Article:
Jordi Roglans-Ribas, a former director of the Nuclear Science and Engineering division at the U.S. Department of Energy’s (DOE) Argonne National Laboratory, received his second 2022 U.S. Secretary of Energy Achievement team award for participating in the team that completed the Versatile Test Reactor (VTR) Environmental Impact Statement (EIS).
Roglans-Ribas was also recognized with a 2022 team award for work with the National Nuclear Security Administration’s (NNSA) Kazakhstan Reactor Conversion Team to make nuclear research reactors safer from proliferation risk. The Secretary’s Honor Awards are considered one of DOE’s highest honors.
“The award for the completion of the VTR EIS recognizes the successful effort of the entire team and the significance of DOE completing the first reactor EIS.” — Jordi Roglans-Ribas, Argonne
An EIS is a government document that outlines the impact of a proposed project on its surrounding environment. It helps policymakers and community leaders make key decisions.
“The award for the completion of the VTR EIS recognizes the successful effort of the entire team and the significance of DOE completing the first reactor EIS,” said Roglans-Ribas.
Roglans-Ribas worked closely on the VTR EIS with a multidisciplinary group from government departments, national laboratories and contractor offices beginning in August 2019 and throughout the COVID-19 pandemic. As a result, DOE published its first EIS for design and construction of a nuclear reactor since establishment of the National Environmental Policy Act in 1970. Now in the Federal Register, the VTR EIS has helped accelerate release of the Department of Defense’s Strategic Capabilities Office’s EIS for building and demonstrating the Project Pele mobile microreactor. The U.S. Nuclear Regulatory Commission will reference both statements as it prepares its own versions for commercial advanced reactors currently under development.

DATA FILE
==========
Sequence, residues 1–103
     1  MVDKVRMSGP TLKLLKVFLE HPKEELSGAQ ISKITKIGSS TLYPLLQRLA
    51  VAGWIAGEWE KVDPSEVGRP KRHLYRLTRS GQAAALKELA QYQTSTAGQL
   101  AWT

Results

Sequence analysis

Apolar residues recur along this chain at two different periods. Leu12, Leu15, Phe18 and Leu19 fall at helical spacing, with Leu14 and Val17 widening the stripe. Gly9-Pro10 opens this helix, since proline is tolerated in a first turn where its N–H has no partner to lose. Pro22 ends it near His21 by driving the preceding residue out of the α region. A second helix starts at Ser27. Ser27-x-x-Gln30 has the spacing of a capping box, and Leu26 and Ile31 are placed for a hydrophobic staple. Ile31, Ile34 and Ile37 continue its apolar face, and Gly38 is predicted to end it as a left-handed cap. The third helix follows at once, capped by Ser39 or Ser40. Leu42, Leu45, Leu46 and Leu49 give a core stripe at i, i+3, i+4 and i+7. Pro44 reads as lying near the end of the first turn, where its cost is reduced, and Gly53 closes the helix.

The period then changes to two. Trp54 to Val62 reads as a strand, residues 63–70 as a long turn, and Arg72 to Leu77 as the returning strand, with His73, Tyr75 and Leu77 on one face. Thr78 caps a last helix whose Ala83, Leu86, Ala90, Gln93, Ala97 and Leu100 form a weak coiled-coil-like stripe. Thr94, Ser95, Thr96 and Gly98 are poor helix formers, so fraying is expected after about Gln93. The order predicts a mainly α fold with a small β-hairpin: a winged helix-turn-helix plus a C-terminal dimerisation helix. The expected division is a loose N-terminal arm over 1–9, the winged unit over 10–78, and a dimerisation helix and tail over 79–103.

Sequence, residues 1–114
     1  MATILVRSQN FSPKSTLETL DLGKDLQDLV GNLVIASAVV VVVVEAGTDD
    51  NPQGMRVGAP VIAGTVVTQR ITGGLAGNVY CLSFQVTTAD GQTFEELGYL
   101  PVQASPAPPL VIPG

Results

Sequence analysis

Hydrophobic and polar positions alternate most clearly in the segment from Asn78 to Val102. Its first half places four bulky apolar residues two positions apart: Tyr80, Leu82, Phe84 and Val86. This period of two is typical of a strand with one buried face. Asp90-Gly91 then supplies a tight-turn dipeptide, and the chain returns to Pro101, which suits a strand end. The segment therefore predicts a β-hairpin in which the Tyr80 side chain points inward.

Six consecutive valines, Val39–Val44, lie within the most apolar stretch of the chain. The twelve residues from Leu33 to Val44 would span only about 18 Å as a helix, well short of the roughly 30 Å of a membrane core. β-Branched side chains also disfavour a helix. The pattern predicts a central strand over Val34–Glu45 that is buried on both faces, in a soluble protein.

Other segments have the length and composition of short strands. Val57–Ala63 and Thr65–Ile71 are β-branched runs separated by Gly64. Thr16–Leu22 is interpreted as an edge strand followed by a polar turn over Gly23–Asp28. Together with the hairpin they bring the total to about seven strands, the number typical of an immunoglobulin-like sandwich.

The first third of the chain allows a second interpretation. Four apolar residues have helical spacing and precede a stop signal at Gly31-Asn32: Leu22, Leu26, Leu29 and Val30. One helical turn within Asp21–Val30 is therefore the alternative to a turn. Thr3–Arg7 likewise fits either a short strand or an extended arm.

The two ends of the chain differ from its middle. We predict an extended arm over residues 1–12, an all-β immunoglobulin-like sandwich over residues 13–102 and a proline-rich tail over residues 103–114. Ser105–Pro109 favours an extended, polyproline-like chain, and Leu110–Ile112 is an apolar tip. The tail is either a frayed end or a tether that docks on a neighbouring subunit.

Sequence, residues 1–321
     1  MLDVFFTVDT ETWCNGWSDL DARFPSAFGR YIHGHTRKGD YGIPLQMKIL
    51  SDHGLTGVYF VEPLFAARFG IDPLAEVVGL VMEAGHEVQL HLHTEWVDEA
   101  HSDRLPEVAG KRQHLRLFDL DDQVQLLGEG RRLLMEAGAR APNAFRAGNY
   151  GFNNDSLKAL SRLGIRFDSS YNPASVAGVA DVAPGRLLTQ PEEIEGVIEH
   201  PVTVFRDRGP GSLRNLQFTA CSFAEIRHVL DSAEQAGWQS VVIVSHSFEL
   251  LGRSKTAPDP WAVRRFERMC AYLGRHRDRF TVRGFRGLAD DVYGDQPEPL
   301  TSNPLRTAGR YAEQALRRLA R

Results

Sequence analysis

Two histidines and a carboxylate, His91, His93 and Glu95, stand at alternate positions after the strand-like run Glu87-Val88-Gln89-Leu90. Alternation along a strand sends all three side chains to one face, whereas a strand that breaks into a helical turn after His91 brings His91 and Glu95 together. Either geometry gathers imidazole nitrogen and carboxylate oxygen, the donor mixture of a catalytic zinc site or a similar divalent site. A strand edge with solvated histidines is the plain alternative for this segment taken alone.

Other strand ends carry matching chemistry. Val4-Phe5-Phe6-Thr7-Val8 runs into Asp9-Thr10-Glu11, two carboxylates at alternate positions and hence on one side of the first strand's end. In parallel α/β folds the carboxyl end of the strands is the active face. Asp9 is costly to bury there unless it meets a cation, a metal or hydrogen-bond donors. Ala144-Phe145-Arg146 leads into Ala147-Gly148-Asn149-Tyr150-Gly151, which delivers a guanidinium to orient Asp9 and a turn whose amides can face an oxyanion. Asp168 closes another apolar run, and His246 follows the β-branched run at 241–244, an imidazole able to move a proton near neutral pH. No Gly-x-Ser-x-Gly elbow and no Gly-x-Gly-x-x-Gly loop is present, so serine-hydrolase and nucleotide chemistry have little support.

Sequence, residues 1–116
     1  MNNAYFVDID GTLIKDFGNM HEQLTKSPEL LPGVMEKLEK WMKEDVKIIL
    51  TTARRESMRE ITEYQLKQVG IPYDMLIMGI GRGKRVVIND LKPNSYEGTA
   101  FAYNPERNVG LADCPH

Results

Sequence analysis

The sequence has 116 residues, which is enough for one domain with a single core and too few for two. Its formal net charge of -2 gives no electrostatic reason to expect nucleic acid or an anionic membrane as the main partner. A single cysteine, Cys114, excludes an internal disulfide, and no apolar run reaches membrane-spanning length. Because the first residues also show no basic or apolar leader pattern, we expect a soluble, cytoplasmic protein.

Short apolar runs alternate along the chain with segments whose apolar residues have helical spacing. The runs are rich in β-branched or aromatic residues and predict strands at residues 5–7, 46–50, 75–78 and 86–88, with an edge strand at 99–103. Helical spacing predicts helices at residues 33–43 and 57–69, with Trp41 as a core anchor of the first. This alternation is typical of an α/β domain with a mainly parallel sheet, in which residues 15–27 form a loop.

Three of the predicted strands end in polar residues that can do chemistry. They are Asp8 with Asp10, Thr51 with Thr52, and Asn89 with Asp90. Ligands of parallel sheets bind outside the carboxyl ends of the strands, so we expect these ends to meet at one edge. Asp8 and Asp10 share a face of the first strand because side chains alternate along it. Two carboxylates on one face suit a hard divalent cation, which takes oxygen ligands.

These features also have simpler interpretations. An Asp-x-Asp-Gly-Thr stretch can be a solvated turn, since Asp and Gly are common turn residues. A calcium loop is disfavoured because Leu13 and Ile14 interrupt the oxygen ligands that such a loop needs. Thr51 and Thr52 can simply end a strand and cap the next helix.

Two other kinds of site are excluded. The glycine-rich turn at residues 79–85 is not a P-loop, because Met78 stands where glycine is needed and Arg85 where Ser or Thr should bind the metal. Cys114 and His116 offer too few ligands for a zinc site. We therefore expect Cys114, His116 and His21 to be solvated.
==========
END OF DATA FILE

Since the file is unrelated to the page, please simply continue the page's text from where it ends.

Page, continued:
“Jordi had an integral, long-term role on a professional team with immense collective expertise, keen attention to detail and enduring commitment,” said Temitope Taiwo, director of Argonne’s Nuclear Science and Engineering division. “As a result, the team completed a high-quality, complex and publicly visible analysis in a difficult pandemic environment.”
The VTR EIS team’s efforts were specifically praised for helping DOE advance its own efforts to provide a fast-reactor-based neutron source and testing capability. This capability has been missing from nuclear energy research and development infrastructure for nearly three decades. It is a critical capability needed to enhance and accelerate the innovative nuclear technologies that will advance U.S. objective to reach net-zero emissions by 2050.
Argonne National Laboratory seeks solutions to pressing national problems in science and technology. The nation’s first national laboratory, Argonne conducts leading-edge basic and applied scientific research in virtually every scientific discipline. Argonne researchers work closely with researchers from hundreds of companies, universities, and federal, state and municipal agencies to help them solve their specific problems, advance America’s scientific leadership and prepare the nation for a better future. With employees from more than 60 nations, Argonne is managed by UChicago Argonne, LLC for the U.S. Department of Energy’s Office of Science.
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